Kenney says UCP would lower corporate tax to 8%, cancel NDP’s plan to lease rail cars


United Conservative Party Leader Jason Kenney unveiled details of the party’s proposed Job Creation Tax Cut on Monday.

If elected, Kenney said the party would lower the province’s corporate tax rate to eight per cent, reducing the rate one point per year over four years starting as of July 1.

Kenney said the cuts would allow for the creation of “55,000 jobs, and grow Alberta’s economy by $13 billion.”

The move would be a reversal, and more, of the NDP’s increase to the corporate tax rate, which brought the percentage up to 12 from 10 per cent. Kenney said the plan would not alter the NDP’s reduction of the small business tax to two per cent from three per cent.

Reducing the tax rate would result in a “$348-million reduction in revenues” in the first year, Kenney said, offset by a $1.2-billion gain by 2023 due to the “stimulative effect of the tax cut in the years two, three and four of its implementation.”

“It’s only in the first year, fiscal year 2019-2020, that there would be a short-term reduction in government revenues of … $348 million,” he said.

The UCP leader said his government would offset those losses by scrapping the NDP’s $3.7-billion lease of rail cars to move oil in the absence of pipeline development, calling the plan “reckless.”

He said reversing the rail plan would more than compensate for the loss and create “10 times the size of the revenue shortfall in that first year.”

Premier Rachel Notley refuted the UCP’s claims on possible gains from the proposed cuts, saying the plan would “blow about a $4.5-billion hole in our budget over four years and roughly at least $2 billion after that.”

“This is a historic giveaway to profitable, big corporations at the expense and on the backs of our hospitals … on the backs of our kids, at the expense of our future,” Notley said.

The premier called the UCP proposal “gratuitous,” saying it would only serve to give “a whole bunch of money to profitable, elite corporate leaders.”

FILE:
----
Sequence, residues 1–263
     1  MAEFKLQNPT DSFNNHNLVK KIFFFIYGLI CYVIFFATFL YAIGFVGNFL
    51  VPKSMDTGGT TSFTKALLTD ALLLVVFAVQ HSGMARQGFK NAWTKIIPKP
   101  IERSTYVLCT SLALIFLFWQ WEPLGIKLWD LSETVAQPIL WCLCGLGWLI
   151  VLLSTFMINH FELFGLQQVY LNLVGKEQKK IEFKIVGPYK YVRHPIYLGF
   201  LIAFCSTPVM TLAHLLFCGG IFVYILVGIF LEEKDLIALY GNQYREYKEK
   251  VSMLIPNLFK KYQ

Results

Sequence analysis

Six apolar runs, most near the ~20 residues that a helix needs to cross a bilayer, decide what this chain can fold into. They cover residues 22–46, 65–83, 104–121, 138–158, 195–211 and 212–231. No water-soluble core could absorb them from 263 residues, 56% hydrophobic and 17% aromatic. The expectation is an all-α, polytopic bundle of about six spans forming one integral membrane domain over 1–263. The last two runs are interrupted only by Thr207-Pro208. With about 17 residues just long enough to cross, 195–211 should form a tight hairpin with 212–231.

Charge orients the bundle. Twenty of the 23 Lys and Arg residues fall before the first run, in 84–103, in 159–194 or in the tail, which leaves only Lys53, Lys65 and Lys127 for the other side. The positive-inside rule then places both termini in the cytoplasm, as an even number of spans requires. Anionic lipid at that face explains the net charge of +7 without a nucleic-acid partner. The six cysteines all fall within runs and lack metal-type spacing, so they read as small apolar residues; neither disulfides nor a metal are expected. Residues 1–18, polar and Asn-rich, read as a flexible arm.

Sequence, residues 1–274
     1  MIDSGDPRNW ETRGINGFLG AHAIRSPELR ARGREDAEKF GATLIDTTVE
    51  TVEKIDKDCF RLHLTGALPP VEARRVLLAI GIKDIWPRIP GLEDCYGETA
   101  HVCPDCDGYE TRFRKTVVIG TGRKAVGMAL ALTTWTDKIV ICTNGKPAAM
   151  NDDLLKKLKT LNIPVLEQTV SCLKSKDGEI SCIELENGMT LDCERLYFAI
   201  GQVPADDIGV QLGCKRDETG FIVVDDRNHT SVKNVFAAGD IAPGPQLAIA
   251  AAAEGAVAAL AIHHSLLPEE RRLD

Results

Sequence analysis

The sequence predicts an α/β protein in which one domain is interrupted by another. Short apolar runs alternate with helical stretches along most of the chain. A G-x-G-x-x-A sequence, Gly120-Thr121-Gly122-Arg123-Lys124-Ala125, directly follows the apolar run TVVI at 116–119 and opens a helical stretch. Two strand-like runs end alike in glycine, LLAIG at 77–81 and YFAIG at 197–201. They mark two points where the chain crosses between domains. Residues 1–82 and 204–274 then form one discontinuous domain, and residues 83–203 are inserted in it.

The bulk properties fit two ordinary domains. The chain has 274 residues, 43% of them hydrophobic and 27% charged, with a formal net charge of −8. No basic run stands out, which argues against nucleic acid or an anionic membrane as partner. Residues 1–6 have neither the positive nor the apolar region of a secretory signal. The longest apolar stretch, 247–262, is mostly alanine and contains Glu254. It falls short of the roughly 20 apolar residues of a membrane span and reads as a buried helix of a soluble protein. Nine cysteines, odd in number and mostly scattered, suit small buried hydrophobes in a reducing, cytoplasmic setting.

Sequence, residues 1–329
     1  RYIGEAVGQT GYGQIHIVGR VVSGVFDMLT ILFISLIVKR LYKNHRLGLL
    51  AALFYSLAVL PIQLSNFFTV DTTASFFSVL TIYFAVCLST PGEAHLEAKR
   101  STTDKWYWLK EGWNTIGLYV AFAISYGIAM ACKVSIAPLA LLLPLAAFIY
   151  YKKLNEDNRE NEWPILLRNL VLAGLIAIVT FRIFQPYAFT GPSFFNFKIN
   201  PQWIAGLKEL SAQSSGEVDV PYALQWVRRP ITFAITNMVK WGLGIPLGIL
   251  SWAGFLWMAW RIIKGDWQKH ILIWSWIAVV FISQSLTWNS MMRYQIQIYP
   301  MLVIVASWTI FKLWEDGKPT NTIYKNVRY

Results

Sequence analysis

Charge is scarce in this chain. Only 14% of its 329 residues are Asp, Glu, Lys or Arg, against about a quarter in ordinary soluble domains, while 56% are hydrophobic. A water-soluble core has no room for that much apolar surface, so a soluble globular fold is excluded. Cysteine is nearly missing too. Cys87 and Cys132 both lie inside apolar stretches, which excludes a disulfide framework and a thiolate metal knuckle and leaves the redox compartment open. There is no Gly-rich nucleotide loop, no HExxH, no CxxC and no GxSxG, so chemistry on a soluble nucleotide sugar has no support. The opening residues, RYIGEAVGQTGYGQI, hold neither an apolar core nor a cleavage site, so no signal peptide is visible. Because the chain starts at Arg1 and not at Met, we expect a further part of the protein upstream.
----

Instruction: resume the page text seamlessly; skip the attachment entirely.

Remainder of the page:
Kenney rejected what he called NDP “class warfare rhetoric” that claims the tax rate could line the pockets of corporations rather than encourage growth.

Notley said the NDP would stay the course on its 12-per-cent corporate tax rate if re-elected, and added the oil-by-rail plan is still the best “medium-term solution to the problem” of moving Alberta crude to market.

The UCP’s calculations on the economic boon the corporate tax cuts could create come from economist Dr. Jack Mintz and a 2012 paper by University of Calgary economist Dr. Bev Dahlby.

In the report, Dahlby states tax relief would result in a $12.7-billion increase in the province’s GDP by 2023.

If the cuts were to stay in place for 10 years, the report says the province’s “per capita real GDP” would have increased by 6.5 per cent.

Calgary economist Trevor Tombe said on Twitter the UCP plan’s job creation numbers carry water as “a defensible claim, not that it’s certainly going to happen.”

Kenney made the announcement from the empty 26th floor of Encana Place, using the backdrop to highlight the city’s downtown vacancy rate problem.

And while Calgary Mayor Naheed Nenshi said he is “always happy when any party is looking at Calgary’s problems specifically,” he added that he has “not had a lot of businesses tell me that their provincial income tax is what’s preventing them from growing.”

On Twitter: @RCRumbolt

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